Now we can go ahead and load the version of angular.js that our widget requires. The angular.js library does not overwrite window.angular if it’s already defined, it merely creates it’s data and functions as properties on that object.

Notice how angular.js 1.2.7 has injected itself into the empty object.

After loading angular and whatever modules we require, we’ll be able to load our code as normal. Any references in our code to angular, will resolve to the local angular variable we made via closure. Note: in order for this to work, we should never refer to window.angular directly. Always simply use angular so that we correctly resolve to the closed over variable rather than the global.

src/my-app.js
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angular.module('MyWidget', ['ngSanitize']); //refer to angular directly

//never use the following:
//window.angular.module('MyWidget', ['ngSanitize']);

At the end of your file, we concatenate an outro.js that replaces the window.angular field we saved initially saved off.

outro.js
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  angular.element(document).ready(function() {
    angular.bootstrap(document.getElementById('my-app'), ['MyApp']);
    window.angular = existingWindowDotAngular;
  });

})();

We also need to manually bootstrap our app. After restoring window.angular to 1.0.4, it will be that version that encounters the ng-app="MyWidget" attribute. But since MyWidget was declared as part of a different angular.js instance, it will not be able to find and boot it.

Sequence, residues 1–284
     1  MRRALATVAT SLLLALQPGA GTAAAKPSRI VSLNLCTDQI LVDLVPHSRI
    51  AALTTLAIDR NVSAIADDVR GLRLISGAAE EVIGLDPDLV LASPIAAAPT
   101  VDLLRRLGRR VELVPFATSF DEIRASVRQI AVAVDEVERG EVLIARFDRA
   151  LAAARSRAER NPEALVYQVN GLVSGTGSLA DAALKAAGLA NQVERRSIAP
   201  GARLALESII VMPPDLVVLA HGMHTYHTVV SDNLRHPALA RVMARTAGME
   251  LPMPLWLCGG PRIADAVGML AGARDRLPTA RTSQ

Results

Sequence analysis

You may find that you have to restore the existingWindowDotAngular inside the ready event because the $httpBackend service unfortunately accesses $window.angular directly. This does open up a small window for potential conflict, but the only other option is to patch angular directly.

After loading our widget’s payload, the global window.angular has been restored to 1.0.4 and all our code refers to 1.2.7 via the closed over angular variable. The two angular.js instances are now completely separated.

Its a good idea to use this technique on any widget that is intended to be injected into arbitrary webpages (even if there is no existing angular.js app there). For the safety of our own app, and the protection of the host page’s scripts, we should always avoid polluting the global namespace with data specific to our module.

TL;DR

my-widget.js
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(function() {
  // Save a copy of the existing angular for later restoration
  var existingWindowDotAngular = window.angular;

  // create a new window.angular and a closure variable for 
  // angular.js to load itself into
  var angular = (window.angular = {});

  /*
   * Copy-paste angular.js and modules here. They will load themselves into
   * the window.angular object we just created (which is also aliased as
   * "angular")
   */

  ..

  // notice this refers to the local angular variable declared above, not
  // window.angular
  angular.module('MyWidget', ['ngSanitize']);

  ...

  //Manually bootstrap so the old angular version doesn't encounter
  //ng-app='MyWidget' and blow up
  angular.element(document).ready(function() {
    angular.bootstrap(document.getElementById('my-widget', ['MyWidget']);

    // restore the old angular version
    window.angular = existingWindowDotAngular;
  });
});